Dr. Bond started his career at the University of Toronto where he got a degree in mathematics and physics in 1973. He moved to California and studied at the California Institute of Technology (Caltech), getting a master's degree in theoretical physics in 1975 and then a doctorate in 1979. He returned to Toronto in 1985, where he has since helped establish Canada as a world centre for cosmology.
He is the current Director of the Canadian Institute for Advanced Research's (CIFAR's) Cosmology & Gravity Program, and helped found the Canadian Institute for Theoretical Astrophysics (CITA). In recognition of these achievements, he was made an Officer of the Order of Canada in September 2005.
As a cosmologist, he is best known for his studies of the cosmic background radiation (CBR). The CBR includes the cosmic microwave background (CMB) radiation. When we look at the CBR, we are seeing our 12 to 14 billion year old universe when it was very young, only 300,000 years old. The CBR is the light that was emitted when the universe had cooled enough for protons and electrons to start combining into atoms. You can see this faint radiation by disconnecting the cable from a television set and turning to a channel that is complete static. About 1% of that static is due to the CBR; photons which have been travelling through space for about 12 billion years.
There are many things we can find out by studying the CBR, but one of them is what the universe will be like in the future. Dr. Bond was one of the people who developed the theory and provided the calculations that could be used to figure out the shape of the universe, and therefore its fate. The shape determines whether or not the universe will expand forever, or will eventually contract into what is called the "Big Crunch."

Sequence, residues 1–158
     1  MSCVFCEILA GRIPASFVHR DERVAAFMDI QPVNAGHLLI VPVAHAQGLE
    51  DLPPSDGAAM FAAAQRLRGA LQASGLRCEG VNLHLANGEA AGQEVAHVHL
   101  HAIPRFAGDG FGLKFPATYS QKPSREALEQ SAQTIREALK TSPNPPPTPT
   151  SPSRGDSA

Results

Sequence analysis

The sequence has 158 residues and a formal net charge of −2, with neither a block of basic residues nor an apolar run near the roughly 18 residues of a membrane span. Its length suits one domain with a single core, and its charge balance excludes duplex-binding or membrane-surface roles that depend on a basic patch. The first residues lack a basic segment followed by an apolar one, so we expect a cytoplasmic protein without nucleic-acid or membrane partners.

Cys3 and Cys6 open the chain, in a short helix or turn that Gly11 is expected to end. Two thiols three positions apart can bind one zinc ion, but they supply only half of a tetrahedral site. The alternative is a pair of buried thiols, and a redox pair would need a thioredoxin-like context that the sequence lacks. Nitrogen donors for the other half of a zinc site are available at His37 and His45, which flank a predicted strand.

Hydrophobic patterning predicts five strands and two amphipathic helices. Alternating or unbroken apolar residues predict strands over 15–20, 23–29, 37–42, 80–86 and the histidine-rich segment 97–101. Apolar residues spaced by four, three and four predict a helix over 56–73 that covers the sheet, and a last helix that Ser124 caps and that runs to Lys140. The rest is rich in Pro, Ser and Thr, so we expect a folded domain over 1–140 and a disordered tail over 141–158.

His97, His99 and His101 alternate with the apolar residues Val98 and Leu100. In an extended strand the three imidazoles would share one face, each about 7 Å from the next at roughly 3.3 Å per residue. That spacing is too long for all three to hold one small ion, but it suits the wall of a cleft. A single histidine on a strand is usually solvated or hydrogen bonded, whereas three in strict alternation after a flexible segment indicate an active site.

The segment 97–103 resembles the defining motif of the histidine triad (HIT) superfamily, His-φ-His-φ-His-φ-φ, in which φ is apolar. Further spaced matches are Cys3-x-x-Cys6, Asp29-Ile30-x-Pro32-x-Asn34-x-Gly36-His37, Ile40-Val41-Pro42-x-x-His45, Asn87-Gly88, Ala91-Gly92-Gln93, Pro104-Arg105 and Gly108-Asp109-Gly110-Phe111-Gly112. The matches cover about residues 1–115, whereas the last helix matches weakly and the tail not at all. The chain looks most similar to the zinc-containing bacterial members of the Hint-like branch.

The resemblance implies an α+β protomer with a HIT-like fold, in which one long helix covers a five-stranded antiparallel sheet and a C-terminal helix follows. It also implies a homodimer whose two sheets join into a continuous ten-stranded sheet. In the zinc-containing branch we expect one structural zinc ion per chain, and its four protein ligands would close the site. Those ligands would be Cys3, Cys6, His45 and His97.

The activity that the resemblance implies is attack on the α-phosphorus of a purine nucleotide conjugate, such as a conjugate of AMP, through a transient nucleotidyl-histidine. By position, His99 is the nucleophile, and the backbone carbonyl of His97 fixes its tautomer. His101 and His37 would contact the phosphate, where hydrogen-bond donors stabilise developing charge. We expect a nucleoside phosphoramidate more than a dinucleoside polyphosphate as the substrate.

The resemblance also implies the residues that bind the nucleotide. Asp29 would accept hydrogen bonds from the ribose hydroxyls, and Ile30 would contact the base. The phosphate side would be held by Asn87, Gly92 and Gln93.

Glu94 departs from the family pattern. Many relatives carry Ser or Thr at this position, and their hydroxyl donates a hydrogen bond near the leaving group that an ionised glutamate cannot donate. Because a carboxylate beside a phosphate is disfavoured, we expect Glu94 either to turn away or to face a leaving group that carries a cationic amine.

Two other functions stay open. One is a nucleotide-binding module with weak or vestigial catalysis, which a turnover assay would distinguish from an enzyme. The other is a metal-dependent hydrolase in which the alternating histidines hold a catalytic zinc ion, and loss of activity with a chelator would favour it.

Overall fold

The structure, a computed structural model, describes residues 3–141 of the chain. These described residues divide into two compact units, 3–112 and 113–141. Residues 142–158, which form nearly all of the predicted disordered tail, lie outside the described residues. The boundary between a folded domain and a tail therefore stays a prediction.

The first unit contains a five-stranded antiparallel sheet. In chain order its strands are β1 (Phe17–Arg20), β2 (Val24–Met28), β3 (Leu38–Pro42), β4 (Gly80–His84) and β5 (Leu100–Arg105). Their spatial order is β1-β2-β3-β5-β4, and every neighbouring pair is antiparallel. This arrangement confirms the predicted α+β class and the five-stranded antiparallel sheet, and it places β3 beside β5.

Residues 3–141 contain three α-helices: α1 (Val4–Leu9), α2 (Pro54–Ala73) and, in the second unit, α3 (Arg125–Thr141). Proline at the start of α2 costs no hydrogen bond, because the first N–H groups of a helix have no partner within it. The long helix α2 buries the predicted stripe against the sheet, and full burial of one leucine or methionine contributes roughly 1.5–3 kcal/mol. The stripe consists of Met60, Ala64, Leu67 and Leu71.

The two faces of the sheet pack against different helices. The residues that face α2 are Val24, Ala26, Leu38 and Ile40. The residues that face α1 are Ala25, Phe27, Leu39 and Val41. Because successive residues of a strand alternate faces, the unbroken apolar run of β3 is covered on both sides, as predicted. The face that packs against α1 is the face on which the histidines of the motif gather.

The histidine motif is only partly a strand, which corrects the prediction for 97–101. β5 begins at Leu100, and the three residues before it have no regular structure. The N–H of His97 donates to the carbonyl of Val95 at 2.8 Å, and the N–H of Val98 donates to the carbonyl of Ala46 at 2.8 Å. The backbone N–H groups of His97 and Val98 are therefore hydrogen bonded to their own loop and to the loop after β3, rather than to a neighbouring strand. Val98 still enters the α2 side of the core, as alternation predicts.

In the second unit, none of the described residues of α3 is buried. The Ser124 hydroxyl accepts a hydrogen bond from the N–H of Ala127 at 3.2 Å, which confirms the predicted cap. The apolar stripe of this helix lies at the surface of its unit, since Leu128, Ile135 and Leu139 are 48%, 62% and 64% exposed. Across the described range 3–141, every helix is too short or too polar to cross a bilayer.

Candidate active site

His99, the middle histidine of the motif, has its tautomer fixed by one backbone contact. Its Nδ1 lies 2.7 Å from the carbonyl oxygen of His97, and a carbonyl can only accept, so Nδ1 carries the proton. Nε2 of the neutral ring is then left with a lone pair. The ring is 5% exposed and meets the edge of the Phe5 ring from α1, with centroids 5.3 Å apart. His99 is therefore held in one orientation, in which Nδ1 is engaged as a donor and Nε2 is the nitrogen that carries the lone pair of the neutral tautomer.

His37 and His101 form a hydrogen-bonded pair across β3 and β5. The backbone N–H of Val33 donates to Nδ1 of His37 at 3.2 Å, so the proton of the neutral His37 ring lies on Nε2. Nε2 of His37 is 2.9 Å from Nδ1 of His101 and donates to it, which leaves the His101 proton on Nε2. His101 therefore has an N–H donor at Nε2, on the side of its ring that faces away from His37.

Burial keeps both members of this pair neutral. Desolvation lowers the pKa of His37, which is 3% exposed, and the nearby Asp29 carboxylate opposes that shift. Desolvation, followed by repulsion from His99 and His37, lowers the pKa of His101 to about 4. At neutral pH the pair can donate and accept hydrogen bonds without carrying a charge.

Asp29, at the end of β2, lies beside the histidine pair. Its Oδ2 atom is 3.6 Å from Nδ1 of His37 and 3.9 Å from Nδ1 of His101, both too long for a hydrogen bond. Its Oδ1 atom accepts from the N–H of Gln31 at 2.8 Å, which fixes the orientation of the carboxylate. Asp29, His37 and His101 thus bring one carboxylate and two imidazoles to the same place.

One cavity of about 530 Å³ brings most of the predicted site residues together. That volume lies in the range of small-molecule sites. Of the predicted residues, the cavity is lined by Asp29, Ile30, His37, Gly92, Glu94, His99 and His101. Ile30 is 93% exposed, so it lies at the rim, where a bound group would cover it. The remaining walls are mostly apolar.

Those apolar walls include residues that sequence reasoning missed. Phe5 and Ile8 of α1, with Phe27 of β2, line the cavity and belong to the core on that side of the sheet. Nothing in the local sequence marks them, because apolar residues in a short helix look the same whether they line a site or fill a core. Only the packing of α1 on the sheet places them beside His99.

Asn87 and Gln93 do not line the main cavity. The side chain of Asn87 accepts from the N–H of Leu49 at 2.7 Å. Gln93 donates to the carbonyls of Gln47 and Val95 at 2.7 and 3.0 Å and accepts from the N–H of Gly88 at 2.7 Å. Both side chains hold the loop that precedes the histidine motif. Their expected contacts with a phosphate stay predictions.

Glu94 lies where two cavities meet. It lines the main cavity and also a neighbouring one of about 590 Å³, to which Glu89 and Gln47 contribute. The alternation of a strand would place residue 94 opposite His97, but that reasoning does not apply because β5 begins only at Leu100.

To determine the shape, precise measurements of the CBR were made in 1998 and 2003 by the Boomerang experiment, where Dr. Bond was the lead theoretician. Analysis of the data showed that the universe is flat but at the same time expanding. The expansion is due to the probable existence of dark energy, which was first proposed by (but later rejected by) Albert Einstein.
Author: Jeff Schering
You can find a more extensive biography of Dr. Bond on NSERC at http://www.nserc-crsng.gc.ca/Prizes-Prix/Excellence-Excellence/Profiles-Profils_eng.asp?ID=1010
A starting point for more data on the Cosmic Background Radiation is here: http://www.astro.ubc.ca/people/scott/faq_basic.html
Homepage for the CIFAR Cosmology and Gravity Program, where Dr. Bond is the Director: http://www.cifar.ca/j-richard-bond!OpenDocument&language=english
Homepage of the Boomerang Experiment is here: http://cmb.phys.cwru.edu/boomerang/index.html
- research scientist, physics
- research scientist, electronics
- research scientist, communications
- research scientist, aerospace
- research scientist, remote sensing
- nuclear physicist
- optics physicist
- plasma physicist
- solid state physicist
- experimental physicist
- Toronto, Ontario
- Toronto, Ontario
- Director and Professor
- CIAR, CITA, University of Toronto
- B.Sc., Mathematics and Physics, University of Toronto, 1973
- M.S., Theoretical Physics, Caltech, 1975
- Ph.D., Theoretical Physics, Caltech, 1979
- E.W.R. Steacie Prize, 1989
- CAP/CRM Prize in Theoretical and Mathematical Physics, 1998
- NSERC Award of Excellence, 2003
- Officer of the Order of Canada, 2005
- Herzberg Gold Medal (Canada), 2007
- Last Updated
- December 4, 2011
Profile viewed 43160 times
Other scientists who may be of interest: